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A very quick background to help you answering my questions :

  • Learning IDA Interactive Disassembler, the old free edition (too expensive for a hobbyist)
  • 15 year Linux Sysadmin & DBA experience
  • Hobbyist coder (C/ASM/Fortran/...)
  • Not very knowledgeable about Windows & Microsoft in general
  • not a security expert, but enough to be a sysadmin

After a lot of random disassembly of stuff here and there i quickly noticed they have a lot of common code. And at the very beginning of a lot of executable there is something that look like this :

lea     eax, [ebp+SystemTimeAsFileTime]
push    eax             ; lpSystemTimeAsFileTime
call    ds:GetSystemTimeAsFileTime
mov     eax, [ebp+SystemTimeAsFileTime.dwHighDateTime]
xor     eax, [ebp+SystemTimeAsFileTime.dwLowDateTime]

It's literally in pretty much every binary and a quickly found that it's something called by microsoft : "Buffer Security Check". And it's added automagically by the compiler using the /GS flag.

It's a stack canary used to detect stack buffer overflow :

This method works by placing a small integer, the value of which is randomly chosen at program start, in memory just before the stack return pointer. Most buffer overflows overwrite memory from lower to higher memory addresses, so in order to overwrite the return pointer (and thus take control of the process) the canary value must also be overwritten. This value is checked to make sure it has not changed before a routine uses the return pointer on the stack

And from the Microsoft documentation :

On functions that the compiler recognizes as subject to buffer overrun problems, the compiler allocates space on the stack before the return address. On function entry, the allocated space is loaded with a security cookie that is computed once at module load. On function exit, and during frame unwinding on 64-bit operating systems, a helper function is called to make sure that the value of the cookie is still the same. A different value indicates that an overwrite of the stack may have occurred. If a different value is detected, the process is terminated.

It's all good and everyone will live happily ever after.

However, i'm confused about the implementation itself. It's a bunch of XOR of : System time, processId, ThreadId, uptime, more time (perf counter) at process creation.

I'm not saying it's a terribly bad implementation (but at first glance i'm thinking it) since it's a lot of XOR and a single wrong bit will screw up the cookie entirely (unless there is an attack i'm not aware of) and brute forcing is 100% prevented (or is it ? dunno) since the process will be terminated when the guess is incorrect and a new cookie generated at next process launch.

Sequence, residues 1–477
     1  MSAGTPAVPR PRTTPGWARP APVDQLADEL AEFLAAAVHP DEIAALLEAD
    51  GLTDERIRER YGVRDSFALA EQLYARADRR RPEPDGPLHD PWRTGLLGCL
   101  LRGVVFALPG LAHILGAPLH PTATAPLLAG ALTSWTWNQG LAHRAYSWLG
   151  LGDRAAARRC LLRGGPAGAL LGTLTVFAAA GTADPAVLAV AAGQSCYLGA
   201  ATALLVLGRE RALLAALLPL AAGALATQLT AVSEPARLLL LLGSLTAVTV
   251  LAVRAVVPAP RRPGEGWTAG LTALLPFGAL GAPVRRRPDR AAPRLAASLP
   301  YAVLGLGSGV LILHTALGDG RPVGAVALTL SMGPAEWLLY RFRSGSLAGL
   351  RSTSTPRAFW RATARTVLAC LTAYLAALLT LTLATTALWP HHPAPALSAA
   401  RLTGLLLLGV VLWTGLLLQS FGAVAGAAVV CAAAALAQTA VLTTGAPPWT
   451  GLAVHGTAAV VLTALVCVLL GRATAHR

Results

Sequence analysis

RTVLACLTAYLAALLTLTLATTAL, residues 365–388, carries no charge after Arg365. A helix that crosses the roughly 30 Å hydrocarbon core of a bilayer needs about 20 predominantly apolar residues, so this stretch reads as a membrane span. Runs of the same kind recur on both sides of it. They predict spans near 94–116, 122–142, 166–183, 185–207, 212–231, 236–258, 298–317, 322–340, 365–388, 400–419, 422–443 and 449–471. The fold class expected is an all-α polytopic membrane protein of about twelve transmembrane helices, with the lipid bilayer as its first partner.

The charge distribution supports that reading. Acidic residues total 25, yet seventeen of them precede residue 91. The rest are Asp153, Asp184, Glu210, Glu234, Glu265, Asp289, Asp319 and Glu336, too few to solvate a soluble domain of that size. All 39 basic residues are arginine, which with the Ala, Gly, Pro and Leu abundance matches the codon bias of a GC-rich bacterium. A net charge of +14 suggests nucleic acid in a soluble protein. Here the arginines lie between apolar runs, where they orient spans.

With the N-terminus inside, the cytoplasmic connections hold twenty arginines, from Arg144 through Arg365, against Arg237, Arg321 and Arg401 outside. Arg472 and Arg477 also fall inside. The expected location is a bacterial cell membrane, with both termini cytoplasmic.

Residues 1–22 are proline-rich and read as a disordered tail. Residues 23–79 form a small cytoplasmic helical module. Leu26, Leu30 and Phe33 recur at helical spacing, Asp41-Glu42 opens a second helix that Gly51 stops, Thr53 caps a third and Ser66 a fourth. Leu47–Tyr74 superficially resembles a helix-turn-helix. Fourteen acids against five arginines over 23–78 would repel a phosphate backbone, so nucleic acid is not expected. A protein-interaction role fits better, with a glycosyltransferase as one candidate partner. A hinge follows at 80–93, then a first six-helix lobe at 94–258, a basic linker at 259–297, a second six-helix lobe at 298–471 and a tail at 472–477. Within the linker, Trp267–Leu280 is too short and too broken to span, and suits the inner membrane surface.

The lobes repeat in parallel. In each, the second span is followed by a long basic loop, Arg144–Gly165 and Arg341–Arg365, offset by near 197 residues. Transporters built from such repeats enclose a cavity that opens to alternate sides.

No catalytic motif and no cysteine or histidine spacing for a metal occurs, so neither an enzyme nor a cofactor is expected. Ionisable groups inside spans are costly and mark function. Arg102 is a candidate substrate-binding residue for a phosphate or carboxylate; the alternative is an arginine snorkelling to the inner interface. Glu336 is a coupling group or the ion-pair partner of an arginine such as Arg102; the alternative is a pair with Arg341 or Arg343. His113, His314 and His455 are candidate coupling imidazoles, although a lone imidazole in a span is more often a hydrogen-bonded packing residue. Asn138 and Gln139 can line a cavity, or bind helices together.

Now i have a bunch of question :

  • Why such a weird pseudo-random generation implementation ? Doesn't the OS have a reliable entropy source ? Is it portability related ? Some variant of Windows may not have an entropy source ?
  • isn't processId and threadId known to everyone on the system anyway ? so why use it as entropy source ?
  • It's all time related and launched at process startup, aren't services launch on boot (stuff that need the most protection) guaranteed to have low uptime & perfcounter and a known system time and therefore the weakest entropy ?
  • Why isn't this cookie generation a system call anyway ? It's now unpatchable without recompilation.

Here is my commented disassembly :

push    ebp             ; prolog
mov     ebp, esp        ; prolog
sub     esp, 14h        ; prolog
and     [ebp+SystemTimeAsFileTime.dwLowDateTime], 0
and     [ebp+SystemTimeAsFileTime.dwHighDateTime], 0
mov     eax, __security_cookie
push    esi
push    edi
mov     edi, 0BB40E64Eh ; a global constant thingy for security cookie
mov     esi, 0FFFF0000h
cmp     eax, edi        ; compare local security cookie
                    ; with global security cookie.
                    ; if security_cookie == 0BB40E64Eh then it's not initialized
                    ; and it need to be initialized
jz      short generate_security_cookie